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No. 27831 --    Robert S. Rhodes v. Workers' Compensation Division and Anchor Glass Container

Starcher, J., dissenting:

        Professor Larson, in his treatise on workers' compensation law, recognized that medical evidence is more of an “art” than a “science” in the context of occupational diseases. This is one of the reasons that workers' compensation agencies and courts have tended to relax substantive, evidentiary requirements in occupational disease cases. Professor Larson states that:

        [I]n appropriate circumstances medical testimony need not necessarily establish specifically and positively the pathological diagnosis and etiology of a disease or condition. . . .

         The advent of a large volume and variety of occupational -- and particularly respiratory -- diseases whose etiology ranges from the imperfectly-understood to the downright mysterious has begun to precipitate questions on the extent to which awards can be based on incomplete medical evidence as to the nature and causation of the disease . . . [I]f the physical causal sequence is sufficiently impressive, the lack of precise diagnosis or etiology can be excused.

Arthur Larson and Lex K. Larson, 7 Larson's Workers' Compensation Law § 128.02[2], [4] [2000]. Professor Larson also suggests that the procedural rules employed in workers' compensation claims should be relaxed, summary and informal, so as to reach a decision by the shortest and quickest route possible:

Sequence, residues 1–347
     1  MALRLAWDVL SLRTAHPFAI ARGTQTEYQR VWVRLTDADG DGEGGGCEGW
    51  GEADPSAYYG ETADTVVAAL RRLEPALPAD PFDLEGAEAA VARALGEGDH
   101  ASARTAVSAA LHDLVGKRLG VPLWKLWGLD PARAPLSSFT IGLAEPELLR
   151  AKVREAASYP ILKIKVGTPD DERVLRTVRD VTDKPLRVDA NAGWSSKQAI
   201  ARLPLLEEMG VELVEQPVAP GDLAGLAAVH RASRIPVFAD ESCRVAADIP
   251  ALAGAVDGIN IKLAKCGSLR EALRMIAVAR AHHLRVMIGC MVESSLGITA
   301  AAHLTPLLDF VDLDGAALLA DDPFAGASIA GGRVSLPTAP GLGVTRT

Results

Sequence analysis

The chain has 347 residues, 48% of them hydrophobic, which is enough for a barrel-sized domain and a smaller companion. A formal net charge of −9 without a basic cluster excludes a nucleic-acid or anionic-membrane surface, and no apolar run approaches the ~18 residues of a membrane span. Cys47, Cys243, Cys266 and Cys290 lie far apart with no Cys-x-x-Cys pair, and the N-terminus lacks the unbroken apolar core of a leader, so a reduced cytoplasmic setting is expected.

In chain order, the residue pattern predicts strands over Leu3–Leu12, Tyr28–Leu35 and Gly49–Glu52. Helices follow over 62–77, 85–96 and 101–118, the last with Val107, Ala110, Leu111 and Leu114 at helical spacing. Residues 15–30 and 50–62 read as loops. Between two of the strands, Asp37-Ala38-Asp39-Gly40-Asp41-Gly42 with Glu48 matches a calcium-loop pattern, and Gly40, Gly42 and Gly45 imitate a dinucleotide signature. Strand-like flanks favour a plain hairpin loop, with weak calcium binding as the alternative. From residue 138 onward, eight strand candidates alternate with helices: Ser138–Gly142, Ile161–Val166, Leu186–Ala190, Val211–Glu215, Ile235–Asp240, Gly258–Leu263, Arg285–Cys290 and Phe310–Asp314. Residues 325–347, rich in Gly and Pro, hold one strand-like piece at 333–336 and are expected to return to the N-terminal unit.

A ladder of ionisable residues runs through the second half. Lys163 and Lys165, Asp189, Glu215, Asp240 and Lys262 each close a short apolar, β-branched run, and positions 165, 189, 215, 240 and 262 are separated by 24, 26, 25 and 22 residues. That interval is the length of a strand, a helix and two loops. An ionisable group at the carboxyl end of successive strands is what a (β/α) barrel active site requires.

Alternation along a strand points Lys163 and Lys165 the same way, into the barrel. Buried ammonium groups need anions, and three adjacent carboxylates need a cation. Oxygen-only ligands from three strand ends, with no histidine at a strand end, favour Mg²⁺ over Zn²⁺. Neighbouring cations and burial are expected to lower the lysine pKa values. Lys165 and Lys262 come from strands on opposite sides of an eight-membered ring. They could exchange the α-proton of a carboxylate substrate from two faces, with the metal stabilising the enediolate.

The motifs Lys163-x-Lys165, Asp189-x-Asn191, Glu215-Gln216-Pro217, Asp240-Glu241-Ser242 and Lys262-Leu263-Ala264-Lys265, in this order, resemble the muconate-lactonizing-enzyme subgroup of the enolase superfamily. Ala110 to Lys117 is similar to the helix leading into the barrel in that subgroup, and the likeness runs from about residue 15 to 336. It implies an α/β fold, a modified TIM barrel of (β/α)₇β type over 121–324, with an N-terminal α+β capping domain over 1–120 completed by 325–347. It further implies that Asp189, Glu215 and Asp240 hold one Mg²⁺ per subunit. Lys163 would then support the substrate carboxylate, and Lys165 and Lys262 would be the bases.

The procedural law of workers' compensation, like the substantive, takes its tone from the beneficent and remedial character of the legislation. Procedure is generally summary and informal. . . . The whole idea is to get away from the cumbersome procedures and technicalities of pleading, and to reach a right decision by the shortest and quickest possible route.

7 Larson's Workers' Compensation Law § 124.01. Professor Larson's conclusions were drawn from an analysis of hundreds of workers' compensation cases litigated worldwide over the last century.
        The majority opinion ignores the fundamental assumption that the etiology of occupational pneumoconiosis “ranges from the imperfectly-understood to the downright mysterious,” and begins with the premise that the Occupational Pneumoconiosis Board (“OP Board”) is statutorily endowed with unquestionable infallibility in deciding questions regarding lung diseases. The majority opinion then goes on to create a new rule of procedure which forces the parties to engage in expensive, though likely fruitless, litigation.